|Posted on November 7, 2011 at 1:50 PM||comments (0)|
You love thinking about concepts and theories, and value knowledge and competence above all else. You apply very high standards to all that you do, and you best understand things by analyzing underlying principles and structures. You enjoy working independently. Most of the time you are caught up in your deep thought life, and as a result, others may perceive you as disconnected. You are a well spring of creative ideas, and you are probably most energized when you are acquiring knowledge and learning to master new skills. You have an extremely high level of concentration, and are good at using your future oriented thinking to see the implications and benefits of implementing your ideas.
|Posted on October 10, 2011 at 12:20 AM||comments (0)|
Are you trying to make a career decision and feeling stuck? Try this career decision test.
If you're the kind of person who likes to make pro and con lists as a way of making decisions, you'll like using this decisional balance worksheet.
The decisional balance, originally conceptualized by Janis and Mann, is like a pro and con list, only much more thorough. It's helpful in providing career decision guidance, because it causes you to systematically consider all sides of a decision. When you work through a decisional balance, you'll think through the benefits and costs of pursuing a specific choice, and you'll also think through the benefits and costs of not pursuing specific choice.
The decisional balance is an effective career decision test that can help you to see the consequences of choosing an option, and also the consequences of not choosing that option.
It's very easy to use a decisional balance. Just follow these simple steps:
Create a grid like the one below.
Above the grid, write down the choice or decision you are trying to make.
Example: Accept a new job offer.
In the box at the top left corner, write down all of the benefits of choosing the option you are considering.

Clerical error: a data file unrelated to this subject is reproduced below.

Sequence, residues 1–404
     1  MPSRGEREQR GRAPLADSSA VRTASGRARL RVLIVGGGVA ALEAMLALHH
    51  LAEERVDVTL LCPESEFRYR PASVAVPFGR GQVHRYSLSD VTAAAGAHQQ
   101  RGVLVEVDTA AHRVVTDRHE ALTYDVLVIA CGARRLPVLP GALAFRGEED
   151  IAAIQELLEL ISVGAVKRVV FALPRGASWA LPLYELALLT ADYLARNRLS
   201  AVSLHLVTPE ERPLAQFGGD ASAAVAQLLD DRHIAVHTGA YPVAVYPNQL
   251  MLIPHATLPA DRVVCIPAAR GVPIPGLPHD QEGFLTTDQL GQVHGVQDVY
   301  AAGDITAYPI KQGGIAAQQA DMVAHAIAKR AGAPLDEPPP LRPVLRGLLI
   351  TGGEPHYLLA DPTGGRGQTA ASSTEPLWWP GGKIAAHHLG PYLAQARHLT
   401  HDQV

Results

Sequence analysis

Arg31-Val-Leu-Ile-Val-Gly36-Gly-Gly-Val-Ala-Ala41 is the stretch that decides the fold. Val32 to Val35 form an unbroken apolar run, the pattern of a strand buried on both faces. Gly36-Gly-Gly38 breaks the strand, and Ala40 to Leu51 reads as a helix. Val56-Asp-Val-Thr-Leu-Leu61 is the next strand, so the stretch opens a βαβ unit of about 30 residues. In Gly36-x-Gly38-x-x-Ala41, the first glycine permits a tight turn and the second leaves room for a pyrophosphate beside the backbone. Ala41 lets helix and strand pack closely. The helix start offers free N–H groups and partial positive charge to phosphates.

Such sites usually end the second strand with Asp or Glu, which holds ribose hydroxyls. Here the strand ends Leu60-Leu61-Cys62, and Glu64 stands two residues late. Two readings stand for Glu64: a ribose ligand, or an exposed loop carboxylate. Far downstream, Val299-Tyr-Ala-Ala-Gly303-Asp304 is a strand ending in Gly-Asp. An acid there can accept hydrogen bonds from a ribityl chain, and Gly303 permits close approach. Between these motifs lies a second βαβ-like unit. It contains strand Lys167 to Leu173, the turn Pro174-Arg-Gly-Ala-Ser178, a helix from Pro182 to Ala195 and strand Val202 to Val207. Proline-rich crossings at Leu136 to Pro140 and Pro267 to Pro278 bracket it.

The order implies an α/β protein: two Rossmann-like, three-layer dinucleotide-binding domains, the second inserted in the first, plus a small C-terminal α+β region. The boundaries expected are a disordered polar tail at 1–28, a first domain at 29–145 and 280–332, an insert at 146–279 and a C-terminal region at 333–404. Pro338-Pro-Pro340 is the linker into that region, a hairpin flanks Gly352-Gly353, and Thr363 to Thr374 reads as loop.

Example: Write down all of the ways you'd benefit from accepting the new job
In the top right corner, write down all of the costs, or negatives connected with choosing the option.
Example: Write down all of the negatives associated with accepting the new job.
In the box at the bottom left, write down all of the benefits of not choosing the option in question
Example: Write down all of the benefits of not accepting the new job.
In the box at the bottom right, write down all of the costs, or negatives connected with not choosing the option
Example: Write down all of the negative connected with not accepting the new job.
Putting all of those benefits and costs in writing on a decisional balance acts as a career decision test to help you think through a choice from all angles. Having all of that information organized on paper can be a huge help when you're trying to make career decisions.A decisional balance chart can also be very helpful to keep you motivated through the challenges of accomplishing whatever goal or course of action you've chosen. If you're working towards accomplishing a challenging goal, keep your decisional balance chart on hand even after you've made the decision. When you feel tempted to abandon your choice, take a look at your decisional balance. It will remind of all of the benefits of continuing to pursue the option you chose and all of the costs of abandoning your choice.
|Posted on October 10, 2011 at 12:10 AM||comments (0)|
In my article on the Ten Most Hated Jobs, there were some surprises. There are also some surprises in the ten happiest jobs, as reported a General Social Survey by the National Organization for Research at the University of Chicago. (I am indebted to Lew Perelman for drawing my attention to the Christian Science Monitor article.)
1. Clergy: The least worldly are reported to be the happiest of all
2. Firefighters: Eighty percent of firefighters are “very satisfied” with their jobs, which involve helping people.
3. Physical therapists: Social interaction and helping people apparently make this job one of the happiest.
4. Authors: For most authors, the pay is ridiculously low or non-existent, but the autonomy of writing down the contents of your own mind apparently leads to happiness.
5. Special education teachers: If you don’t care about money, a job as special education teacher might be a happy profession. The annual salary averages just under $50,000.
6. Teachers: Teachers in general report being happy with their jobs, despite the current issues with education funding and classroom conditions. The profession continues to attract young idealists, although fifty percent of new teachers are gone within five years.
7. Artists: Sculptors and painters report high job satisfaction, despite the great difficulty in making a living from it.